- The android app containing the malware must have “Read SMS” access to silently read the OTP and make the back end call using a stolen API KEY from any one of the SDK customers (API Keys are meant to be kept secret, but the right way to secure them is very hard in the android application ecosystem)
The malware could be made more silent and efficient, if one of the phone manufactures were tricked or persuaded into installing it as part of the base operating system, which could then silently delete the incoming OTP from ever reaching the SMS Inbox (Government of India seems to have woken upto this problem recently).
Securing the CIDR is a relatively easy problem for UIDAI but ensuring that every single android app. is not vulnerable to malware is a very hard problem because of the following:
- Using OTP as a valid authentication mechanism is a design choice that cannot be reverted easily. Unlike a credit card PIN which is known only to the holder, an authentication attempt that only uses OTP can be defeated easily by automation as the above section indicates.
- OTP is a reasonable choice for second factor authentication, but is usually a poor choice for first factor authentication, particularly in the indian context, since most users do not pay attention to android application permissions.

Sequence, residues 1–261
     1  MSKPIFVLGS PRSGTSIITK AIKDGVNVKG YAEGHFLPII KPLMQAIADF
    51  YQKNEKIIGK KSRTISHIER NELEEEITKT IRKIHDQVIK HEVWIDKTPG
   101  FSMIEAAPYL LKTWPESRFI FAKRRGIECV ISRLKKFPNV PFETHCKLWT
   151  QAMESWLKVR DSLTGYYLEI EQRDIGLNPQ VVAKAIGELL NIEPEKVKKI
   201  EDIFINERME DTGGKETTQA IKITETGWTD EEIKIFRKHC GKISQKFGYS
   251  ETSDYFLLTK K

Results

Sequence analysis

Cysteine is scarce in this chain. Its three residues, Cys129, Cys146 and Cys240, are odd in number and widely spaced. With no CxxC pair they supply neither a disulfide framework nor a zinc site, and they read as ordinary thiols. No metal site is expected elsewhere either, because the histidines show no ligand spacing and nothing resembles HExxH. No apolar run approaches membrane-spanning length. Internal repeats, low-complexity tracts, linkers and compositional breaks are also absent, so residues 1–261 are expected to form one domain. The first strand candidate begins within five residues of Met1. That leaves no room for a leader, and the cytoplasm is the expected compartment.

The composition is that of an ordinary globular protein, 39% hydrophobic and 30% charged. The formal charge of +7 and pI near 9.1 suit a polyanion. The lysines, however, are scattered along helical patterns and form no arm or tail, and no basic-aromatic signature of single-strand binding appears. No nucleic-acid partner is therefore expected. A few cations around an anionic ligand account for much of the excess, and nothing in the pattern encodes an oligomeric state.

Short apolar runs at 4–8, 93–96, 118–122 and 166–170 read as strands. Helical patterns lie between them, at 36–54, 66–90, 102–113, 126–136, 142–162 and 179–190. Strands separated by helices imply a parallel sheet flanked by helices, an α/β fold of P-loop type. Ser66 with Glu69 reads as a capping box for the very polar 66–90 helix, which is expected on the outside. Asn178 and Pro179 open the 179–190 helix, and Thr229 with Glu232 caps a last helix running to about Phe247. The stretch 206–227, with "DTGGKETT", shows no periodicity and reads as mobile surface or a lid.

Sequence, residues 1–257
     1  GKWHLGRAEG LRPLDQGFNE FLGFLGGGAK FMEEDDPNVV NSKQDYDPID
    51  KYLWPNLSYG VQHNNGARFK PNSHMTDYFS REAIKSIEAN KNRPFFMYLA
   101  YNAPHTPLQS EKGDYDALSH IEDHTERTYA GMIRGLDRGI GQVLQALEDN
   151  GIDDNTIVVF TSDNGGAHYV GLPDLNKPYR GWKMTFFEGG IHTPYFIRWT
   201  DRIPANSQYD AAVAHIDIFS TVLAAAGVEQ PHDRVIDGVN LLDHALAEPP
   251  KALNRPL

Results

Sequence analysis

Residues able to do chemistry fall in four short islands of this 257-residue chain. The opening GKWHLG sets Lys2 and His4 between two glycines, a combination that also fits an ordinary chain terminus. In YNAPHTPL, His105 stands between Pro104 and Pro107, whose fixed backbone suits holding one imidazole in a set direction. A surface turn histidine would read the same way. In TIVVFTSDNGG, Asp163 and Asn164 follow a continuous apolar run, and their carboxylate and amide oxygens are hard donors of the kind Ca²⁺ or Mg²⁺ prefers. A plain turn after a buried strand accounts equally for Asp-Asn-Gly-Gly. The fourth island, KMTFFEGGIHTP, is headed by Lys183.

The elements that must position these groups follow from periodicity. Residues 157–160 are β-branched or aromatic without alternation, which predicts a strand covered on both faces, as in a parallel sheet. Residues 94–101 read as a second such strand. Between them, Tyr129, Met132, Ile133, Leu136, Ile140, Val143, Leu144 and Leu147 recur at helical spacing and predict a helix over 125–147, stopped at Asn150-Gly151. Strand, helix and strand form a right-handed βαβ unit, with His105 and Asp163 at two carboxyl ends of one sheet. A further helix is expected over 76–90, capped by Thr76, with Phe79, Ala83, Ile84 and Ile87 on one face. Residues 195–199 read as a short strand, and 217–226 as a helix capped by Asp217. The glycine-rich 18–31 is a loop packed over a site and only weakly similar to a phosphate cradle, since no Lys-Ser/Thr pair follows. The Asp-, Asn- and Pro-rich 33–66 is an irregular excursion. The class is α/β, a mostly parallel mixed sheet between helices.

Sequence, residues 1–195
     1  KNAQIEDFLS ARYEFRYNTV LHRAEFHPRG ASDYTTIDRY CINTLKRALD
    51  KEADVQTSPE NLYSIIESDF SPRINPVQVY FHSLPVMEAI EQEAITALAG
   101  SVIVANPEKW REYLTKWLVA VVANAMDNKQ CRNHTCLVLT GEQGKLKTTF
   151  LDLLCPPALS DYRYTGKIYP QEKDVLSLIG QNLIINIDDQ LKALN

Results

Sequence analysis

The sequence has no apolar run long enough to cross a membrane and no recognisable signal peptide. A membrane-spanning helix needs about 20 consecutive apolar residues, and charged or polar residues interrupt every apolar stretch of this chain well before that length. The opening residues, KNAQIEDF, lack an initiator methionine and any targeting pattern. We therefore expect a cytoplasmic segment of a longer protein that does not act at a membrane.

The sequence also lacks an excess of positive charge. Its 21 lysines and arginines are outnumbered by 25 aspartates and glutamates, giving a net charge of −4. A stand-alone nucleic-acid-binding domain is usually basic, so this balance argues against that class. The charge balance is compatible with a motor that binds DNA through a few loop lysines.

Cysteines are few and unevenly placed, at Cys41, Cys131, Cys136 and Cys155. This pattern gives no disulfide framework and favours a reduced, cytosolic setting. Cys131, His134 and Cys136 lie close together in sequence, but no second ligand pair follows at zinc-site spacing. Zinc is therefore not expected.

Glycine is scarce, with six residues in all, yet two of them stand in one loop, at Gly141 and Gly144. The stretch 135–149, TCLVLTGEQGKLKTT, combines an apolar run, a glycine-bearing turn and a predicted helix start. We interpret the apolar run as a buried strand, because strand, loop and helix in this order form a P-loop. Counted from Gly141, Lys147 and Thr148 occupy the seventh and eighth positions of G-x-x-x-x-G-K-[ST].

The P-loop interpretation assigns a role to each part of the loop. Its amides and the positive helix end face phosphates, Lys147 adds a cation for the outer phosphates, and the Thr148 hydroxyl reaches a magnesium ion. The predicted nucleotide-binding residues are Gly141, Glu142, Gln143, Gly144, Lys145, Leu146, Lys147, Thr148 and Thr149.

- Any one of the 252 KUAs or their technology partners could design an API that is directly callable from an API Key which can be harvested from other applications in the play store. The capability to reverse engineer applications in the mobile application ecosystem would defeat the “Security by Obscurity” paradigm that UIDAI is comfortable with.
- A few eKYC apps are pulled down from Play store last week. While the pulling down of these apps were not noticed, a quick analysis via the disassembler as described above did show that all of them are vulnerable to API Key harvesting techniques (Names available on request)
- The vulnerability described above was reported to both UIDAI CEO and Quagga over email on August 15th (Emails available on request)
- UIDAI CEO chose not to respond or acknowledge the email .
- Quagga responded to the all the emailed questions (except one as noted above) and it was clear from the responses they are fully in compliance with the Aadhaar regulations. (Emails available on request).
- It is unclear, if architecture issues (using OTP as a first factor authentication) should be reported to CERT.IN or NCI-IPC and hence were not reported.https://firstname.lastname@example.org/insecure-app-making-abd8548c3092